This week, a Japanese law went into effect making it a jailable offense to be a jerk on the Internet.
As reported by The Japan Times, the legislation, passed in June, strengthens the country’s punishment for “online insults.” According to CNN, “Under Japan’s penal code, insults are defined as publicly demeaning someone’s social standing without referring to specific facts about them or a specific action…The crime is different to defamation, defined as publicly demeaning someone while pointing to specific facts.”
Previously, the penalty for online offensiveness was either a fine of less than ¥10,000 (about $73 USD) or fewer than 30 days in prison. Under the new law, which went into effect Thursday, the penalties increased to as much as a year in prison and a fine of up to ¥300,000 (about $2,200 USD). It also extended the statute of limitations from one year to three.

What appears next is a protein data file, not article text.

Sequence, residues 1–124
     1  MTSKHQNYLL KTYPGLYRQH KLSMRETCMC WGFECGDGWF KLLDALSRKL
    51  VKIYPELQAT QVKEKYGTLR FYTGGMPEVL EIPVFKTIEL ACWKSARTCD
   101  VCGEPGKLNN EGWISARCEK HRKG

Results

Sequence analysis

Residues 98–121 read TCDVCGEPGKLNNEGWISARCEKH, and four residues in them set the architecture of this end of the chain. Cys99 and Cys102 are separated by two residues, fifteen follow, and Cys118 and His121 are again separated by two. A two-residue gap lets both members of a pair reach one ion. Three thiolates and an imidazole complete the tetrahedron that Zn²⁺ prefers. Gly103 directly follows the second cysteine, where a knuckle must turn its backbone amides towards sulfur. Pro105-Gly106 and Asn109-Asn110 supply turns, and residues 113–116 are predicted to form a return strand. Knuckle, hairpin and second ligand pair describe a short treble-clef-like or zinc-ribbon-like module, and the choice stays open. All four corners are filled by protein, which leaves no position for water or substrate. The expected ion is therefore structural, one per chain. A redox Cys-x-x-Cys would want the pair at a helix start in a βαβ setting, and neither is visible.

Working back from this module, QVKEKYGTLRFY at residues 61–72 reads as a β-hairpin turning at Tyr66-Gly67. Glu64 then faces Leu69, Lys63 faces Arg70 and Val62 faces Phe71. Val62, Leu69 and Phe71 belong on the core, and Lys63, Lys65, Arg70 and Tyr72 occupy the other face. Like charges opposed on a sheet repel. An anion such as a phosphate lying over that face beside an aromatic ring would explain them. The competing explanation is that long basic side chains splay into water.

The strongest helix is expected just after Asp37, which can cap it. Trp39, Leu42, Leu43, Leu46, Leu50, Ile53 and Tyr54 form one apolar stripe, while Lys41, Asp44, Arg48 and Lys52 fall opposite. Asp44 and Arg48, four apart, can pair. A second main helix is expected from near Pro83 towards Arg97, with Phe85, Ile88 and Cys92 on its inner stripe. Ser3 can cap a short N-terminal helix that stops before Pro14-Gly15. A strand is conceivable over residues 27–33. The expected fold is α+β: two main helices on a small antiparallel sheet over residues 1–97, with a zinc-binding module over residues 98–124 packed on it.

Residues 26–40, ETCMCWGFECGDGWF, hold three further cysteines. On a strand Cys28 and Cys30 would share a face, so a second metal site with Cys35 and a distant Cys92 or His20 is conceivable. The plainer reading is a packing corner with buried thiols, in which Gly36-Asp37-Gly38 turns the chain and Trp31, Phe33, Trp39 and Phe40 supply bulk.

A push for the law came in 2020, when Japanese wrestler and reality TV star Hana Kimura committed suicide after allegedly receiving abusive messages on social media. The bill briefly stalled over concerns that it would stifle legitimate criticism of politicians. Finally, the legislature reached a compromise, inserting a provision requiring that “a review will be conducted within three years…to determine if it unfairly restricts free speech,” per The Japan Times.